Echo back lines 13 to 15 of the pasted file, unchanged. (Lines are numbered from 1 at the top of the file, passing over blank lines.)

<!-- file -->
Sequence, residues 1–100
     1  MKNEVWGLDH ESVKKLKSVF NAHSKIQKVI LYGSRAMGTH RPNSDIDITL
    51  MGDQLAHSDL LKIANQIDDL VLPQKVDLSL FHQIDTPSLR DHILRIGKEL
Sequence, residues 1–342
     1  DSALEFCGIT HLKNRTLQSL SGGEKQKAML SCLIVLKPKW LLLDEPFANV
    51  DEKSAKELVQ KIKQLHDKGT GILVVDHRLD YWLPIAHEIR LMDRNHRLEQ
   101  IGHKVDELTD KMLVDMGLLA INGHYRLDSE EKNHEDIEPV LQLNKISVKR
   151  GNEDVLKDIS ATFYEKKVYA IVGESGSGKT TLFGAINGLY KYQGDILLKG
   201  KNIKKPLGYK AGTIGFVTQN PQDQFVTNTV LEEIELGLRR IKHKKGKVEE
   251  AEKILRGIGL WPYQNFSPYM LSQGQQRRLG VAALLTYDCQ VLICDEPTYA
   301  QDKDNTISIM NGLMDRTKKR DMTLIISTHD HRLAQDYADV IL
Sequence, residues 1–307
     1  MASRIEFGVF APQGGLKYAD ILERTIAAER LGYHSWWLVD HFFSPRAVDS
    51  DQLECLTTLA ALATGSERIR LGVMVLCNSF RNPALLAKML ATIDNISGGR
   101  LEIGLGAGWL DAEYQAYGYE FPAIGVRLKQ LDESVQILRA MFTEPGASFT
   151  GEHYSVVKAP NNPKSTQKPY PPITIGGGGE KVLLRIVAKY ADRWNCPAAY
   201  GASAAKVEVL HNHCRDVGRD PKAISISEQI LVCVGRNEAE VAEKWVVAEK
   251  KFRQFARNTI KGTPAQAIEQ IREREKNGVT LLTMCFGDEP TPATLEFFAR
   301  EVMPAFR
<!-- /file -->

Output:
     1  MASRIEFGVF APQGGLKYAD ILERTIAAER LGYHSWWLVD HFFSPRAVDS
    51  DQLECLTTLA ALATGSERIR LGVMVLCNSF RNPALLAKML ATIDNISGGR
   101  LEIGLGAGWL DAEYQAYGYE FPAIGVRLKQ LDESVQILRA MFTEPGASFT